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Falcon Heavy

I didn’t expect to get chills racing down my spine, but I did. Even now, after the initial excitement has worn off, I still think the Falcon Heavy launch and booster landing is one of the coolest things I’ve ever seen.

Peter Diamandis explains the idea of super-credibility — an event or confluence of associations that bypasses the default skepticism in our minds and instantly makes an idea seem attainable. It becomes a question of when, not if.

Growing up watching Space Shuttle launches, it became a given that rockets were expendable things. It was certainly the case with the fuel cartridges that powered the little model rockets I launched from my backyard.

I lost my first one almost immediately when the wind picked up. Photo credit: [Instructables](http://www.instructables.com/id/Model-Rocket-Launch-Pad/)
I lost my first one almost immediately when the wind picked up. Photo credit: Instructables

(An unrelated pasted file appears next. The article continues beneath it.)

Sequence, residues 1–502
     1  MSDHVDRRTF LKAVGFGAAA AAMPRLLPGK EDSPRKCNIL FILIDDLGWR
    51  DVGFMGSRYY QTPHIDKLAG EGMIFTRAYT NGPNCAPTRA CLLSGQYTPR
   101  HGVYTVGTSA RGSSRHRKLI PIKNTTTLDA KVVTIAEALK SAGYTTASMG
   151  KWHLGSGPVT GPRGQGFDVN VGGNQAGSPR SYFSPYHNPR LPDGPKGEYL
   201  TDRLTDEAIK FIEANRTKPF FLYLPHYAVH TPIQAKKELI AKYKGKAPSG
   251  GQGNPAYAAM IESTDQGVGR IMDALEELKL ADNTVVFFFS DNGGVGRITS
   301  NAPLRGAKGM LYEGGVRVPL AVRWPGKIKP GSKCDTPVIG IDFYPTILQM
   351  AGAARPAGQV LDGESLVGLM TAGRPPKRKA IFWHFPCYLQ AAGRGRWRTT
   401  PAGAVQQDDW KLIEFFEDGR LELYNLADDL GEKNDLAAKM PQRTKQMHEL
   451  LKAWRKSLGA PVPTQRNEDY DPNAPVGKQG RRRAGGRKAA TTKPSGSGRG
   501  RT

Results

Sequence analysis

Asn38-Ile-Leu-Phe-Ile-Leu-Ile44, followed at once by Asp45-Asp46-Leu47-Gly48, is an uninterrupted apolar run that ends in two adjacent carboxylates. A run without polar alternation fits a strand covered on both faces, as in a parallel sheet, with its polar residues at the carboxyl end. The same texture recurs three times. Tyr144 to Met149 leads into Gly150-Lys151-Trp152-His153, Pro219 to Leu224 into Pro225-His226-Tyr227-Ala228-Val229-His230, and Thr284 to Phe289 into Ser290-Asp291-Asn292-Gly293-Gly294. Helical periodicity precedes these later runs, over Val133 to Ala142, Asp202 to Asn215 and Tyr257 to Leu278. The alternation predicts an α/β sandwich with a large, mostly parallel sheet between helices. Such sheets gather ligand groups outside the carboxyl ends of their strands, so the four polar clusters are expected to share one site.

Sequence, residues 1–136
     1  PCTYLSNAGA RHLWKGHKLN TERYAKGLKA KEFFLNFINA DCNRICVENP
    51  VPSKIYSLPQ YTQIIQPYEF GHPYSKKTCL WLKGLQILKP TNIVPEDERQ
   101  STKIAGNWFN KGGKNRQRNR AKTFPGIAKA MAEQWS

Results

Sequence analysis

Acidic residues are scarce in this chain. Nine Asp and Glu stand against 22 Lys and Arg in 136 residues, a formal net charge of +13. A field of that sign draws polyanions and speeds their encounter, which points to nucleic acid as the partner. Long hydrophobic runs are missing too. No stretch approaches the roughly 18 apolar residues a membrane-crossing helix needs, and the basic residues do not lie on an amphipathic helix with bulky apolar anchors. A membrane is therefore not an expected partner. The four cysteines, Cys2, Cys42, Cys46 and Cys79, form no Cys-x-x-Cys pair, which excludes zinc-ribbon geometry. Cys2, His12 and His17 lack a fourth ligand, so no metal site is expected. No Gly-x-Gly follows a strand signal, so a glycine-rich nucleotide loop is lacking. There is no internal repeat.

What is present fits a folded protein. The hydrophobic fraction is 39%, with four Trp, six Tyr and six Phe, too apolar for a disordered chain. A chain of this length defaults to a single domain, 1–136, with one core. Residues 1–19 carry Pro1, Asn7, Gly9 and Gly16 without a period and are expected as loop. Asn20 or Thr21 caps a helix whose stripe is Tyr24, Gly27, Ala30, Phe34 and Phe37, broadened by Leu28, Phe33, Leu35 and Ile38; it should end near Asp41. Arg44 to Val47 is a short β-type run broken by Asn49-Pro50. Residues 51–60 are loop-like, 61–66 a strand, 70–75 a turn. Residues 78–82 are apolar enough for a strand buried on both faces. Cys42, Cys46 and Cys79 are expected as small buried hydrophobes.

The simultaneous booster landing was the moment that crossed the super-credibility line. At that point, ideas of space travel, asteroid mining, and intercontinental commutes all started seeming feasible, and they would all take off and land just like that. Ironically, seeing the seemingly impossible happen once was the catalyst for imagining it becoming mundane.

Watching the livestream, it was incredible hearing the cheers break out every so often. As an engineer, I can appreciate the process of toiling away for a long time to make something work, and the deeply satisfying moment when everything starts working (albeit, personally, on a much smaller scale). I recognized that with each cheer, each flight stage, probably each second of flight, someone’s (or many someones’) sweat and tears came together. I can’t even begin to comprehend the work that went into a successful test flight, but I can certainly appreciate it.

If anyone from SpaceX ends up reading this (hi!), thank you for pushing humanity forward.

Watch from t-minus 1 minute: